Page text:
Jenn Mercer: This is a very isolating time because of the coronavirus. Myself, I work in an office all alone, what would be different? But somehow it still is. Because of that isolation and because it sounded like fun, we started a monthly zoom meeting. We have established a regular schedule now; it’s going to be on the second Thursday of each month. It’s hosted by Eve Bodeux, who is our former French Language Division administrator. You can find information for that on the FLD mailing list, the listserv we mentioned before. It is on Facebook, and you can also find it on our new Discord server. The Zoom meeting is once a month, but Discord is available anytime you feel like chatting. If you are familiar with Slack, Discord is a lot like that, but it is just a smaller, simpler server. You can get an invite link for that in the monthly announcements for our social networking, or, again, you can email divisionfld [at] atanet [dot] org and we will get you connected. Both this and the Zoom sessions are FLD member benefits, so just for us. There are rules posted in the Discord chat, but if you are familiar at all with FLD and the ATA, you probably know a lot of these already: be respectful, be professional, and never, ever discuss specific rates in any form.

Cathy-Eitel Nzume: Thank you so much, Jenn. Andie, sadly we are all aware of what is going on around the world right now, namely, the world is facing the challenging COVID-19 virus. Have you been keeping busy during the quarantine?

Andie Ho: Keeping busy hasn’t been the problem, the issue for me has been staying sane! A friend of mine put it really well yesterday. He said, “no matter what your situation is at home, there is some aspect of your life that makes quarantine and the pandemic especially hard for you.” Whether you have kids or you don’t have kids, you are living with someone or you don’t live with someone, somehow you have some sort of exacerbating circumstance. Personally, to be completely honest, I spent March in denial about Covid, and then I spent April hyperventilating. Like many, though not all, translators, and especially interpreters, my business is at an all-time low. But now that I have had some time to collect myself and my thoughts, I have reached the acceptance phase, as I call it, of this crisis. Now I am focusing on improving my business, whether that is through continuing education and webinars, or redesigning my website. I am also thinking about the future, about what things I can do now so that I can pull the trigger on them once the economy comes back and once things become somewhat normal again. I’m not going to lie, the pandemic has been pretty hard on me; but I am an optimist by nature—I continue to hold out hope that we will come out of this better than before. That said, I would be remiss not to mention that we have FLD members and ATA members who have been personally hit by COVID-19, or who have had family members come down with it, and even die from it. I am confident that I speak for everyone when I say that our hearts go to those colleagues of ours. Stay strong, stay healthy everybody.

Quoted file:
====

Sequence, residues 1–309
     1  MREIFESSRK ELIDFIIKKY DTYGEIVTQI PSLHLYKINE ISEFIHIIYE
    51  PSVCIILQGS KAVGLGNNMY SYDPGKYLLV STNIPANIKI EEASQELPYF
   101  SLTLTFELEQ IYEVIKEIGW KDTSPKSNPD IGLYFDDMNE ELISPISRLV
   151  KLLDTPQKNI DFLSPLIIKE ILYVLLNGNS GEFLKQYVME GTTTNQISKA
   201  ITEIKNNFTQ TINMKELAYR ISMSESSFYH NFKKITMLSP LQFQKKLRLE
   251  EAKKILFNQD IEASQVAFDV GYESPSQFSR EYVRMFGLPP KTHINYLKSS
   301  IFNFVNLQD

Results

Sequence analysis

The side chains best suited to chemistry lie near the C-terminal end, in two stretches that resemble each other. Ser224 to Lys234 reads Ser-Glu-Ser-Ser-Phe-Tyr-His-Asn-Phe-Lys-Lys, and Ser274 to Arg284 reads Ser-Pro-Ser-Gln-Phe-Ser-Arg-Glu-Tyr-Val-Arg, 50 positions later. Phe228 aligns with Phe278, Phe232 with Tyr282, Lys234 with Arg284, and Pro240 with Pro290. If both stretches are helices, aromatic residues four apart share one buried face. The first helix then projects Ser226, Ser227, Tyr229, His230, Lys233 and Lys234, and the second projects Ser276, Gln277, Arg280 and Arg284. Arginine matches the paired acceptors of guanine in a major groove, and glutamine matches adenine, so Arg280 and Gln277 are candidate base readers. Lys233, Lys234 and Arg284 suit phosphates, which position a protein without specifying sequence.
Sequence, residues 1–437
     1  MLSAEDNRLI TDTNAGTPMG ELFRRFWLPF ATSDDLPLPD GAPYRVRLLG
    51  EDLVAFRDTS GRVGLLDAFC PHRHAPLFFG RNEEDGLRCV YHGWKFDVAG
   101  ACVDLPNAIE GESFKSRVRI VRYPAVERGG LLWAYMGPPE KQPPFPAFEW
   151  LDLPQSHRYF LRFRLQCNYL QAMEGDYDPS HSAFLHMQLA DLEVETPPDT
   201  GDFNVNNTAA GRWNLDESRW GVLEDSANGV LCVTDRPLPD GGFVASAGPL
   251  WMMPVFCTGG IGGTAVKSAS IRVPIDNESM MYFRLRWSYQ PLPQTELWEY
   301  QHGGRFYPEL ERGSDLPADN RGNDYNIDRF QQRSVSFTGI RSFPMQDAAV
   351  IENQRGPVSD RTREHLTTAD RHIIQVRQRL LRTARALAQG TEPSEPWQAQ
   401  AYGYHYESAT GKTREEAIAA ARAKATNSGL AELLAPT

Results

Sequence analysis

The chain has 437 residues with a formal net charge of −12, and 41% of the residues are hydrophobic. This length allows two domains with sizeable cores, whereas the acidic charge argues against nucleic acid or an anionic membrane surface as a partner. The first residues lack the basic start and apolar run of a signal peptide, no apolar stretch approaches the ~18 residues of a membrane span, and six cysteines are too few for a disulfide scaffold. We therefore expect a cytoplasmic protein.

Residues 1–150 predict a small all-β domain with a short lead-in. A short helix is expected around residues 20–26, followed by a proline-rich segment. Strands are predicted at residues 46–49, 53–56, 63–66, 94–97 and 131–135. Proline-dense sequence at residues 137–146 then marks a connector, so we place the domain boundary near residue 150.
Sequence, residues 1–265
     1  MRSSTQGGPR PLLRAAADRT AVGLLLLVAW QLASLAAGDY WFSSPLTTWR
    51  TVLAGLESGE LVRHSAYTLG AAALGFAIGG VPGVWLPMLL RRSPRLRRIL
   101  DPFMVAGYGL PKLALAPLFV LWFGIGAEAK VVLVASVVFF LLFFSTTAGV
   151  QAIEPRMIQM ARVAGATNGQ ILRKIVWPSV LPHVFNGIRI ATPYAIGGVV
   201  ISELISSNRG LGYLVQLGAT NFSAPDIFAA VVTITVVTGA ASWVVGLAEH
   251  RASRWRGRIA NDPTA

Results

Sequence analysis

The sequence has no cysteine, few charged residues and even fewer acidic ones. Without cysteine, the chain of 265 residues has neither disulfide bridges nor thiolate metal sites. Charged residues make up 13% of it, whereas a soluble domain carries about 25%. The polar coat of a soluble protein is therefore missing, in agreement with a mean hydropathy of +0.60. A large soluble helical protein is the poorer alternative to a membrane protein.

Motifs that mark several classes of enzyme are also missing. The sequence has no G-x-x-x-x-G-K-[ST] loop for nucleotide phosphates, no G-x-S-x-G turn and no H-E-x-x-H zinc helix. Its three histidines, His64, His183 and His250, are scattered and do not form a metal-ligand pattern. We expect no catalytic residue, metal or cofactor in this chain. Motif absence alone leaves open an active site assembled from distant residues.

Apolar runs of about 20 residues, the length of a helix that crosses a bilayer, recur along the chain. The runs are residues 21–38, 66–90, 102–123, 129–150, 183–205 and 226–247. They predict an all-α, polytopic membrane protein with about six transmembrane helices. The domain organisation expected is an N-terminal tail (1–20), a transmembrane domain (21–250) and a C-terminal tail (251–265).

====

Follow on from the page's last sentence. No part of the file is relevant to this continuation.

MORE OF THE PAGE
Cathy-Eitel Nzume: Absolutely, thank you. Our hearts go out to all of the people who have been affected by this disease. Jenn, I have heard from many fellow translators that the corona crisis has also had a big impact on their workload. I know I share the same issue. Can you tell us how it has been for you, how you think it will affect the ATA convention in Boston—any word on that? Do you have any suggestions for our fellow colleagues?

Jenn Mercer: My situation, Andy said it really well. She mentioned she is in the acceptance phase. I started off in the denial phase. I said, lockdown, seriously, how is that different from my normal life? I work from home already…. Until I realized that no one was contacting me. No. One. So, I have absolutely seen a decline. I have started to see some tiny signs of life in different corners than I usually work, but I’m not complaining. I think none of us can really say for sure what things will be like in October. Personally, I have not made plans, I am just waiting to see what happens. I have a couple of quotes from a recent ATA board meeting. I don’t speak for ATA, but these are some things to keep in mind. This is from the treasurer: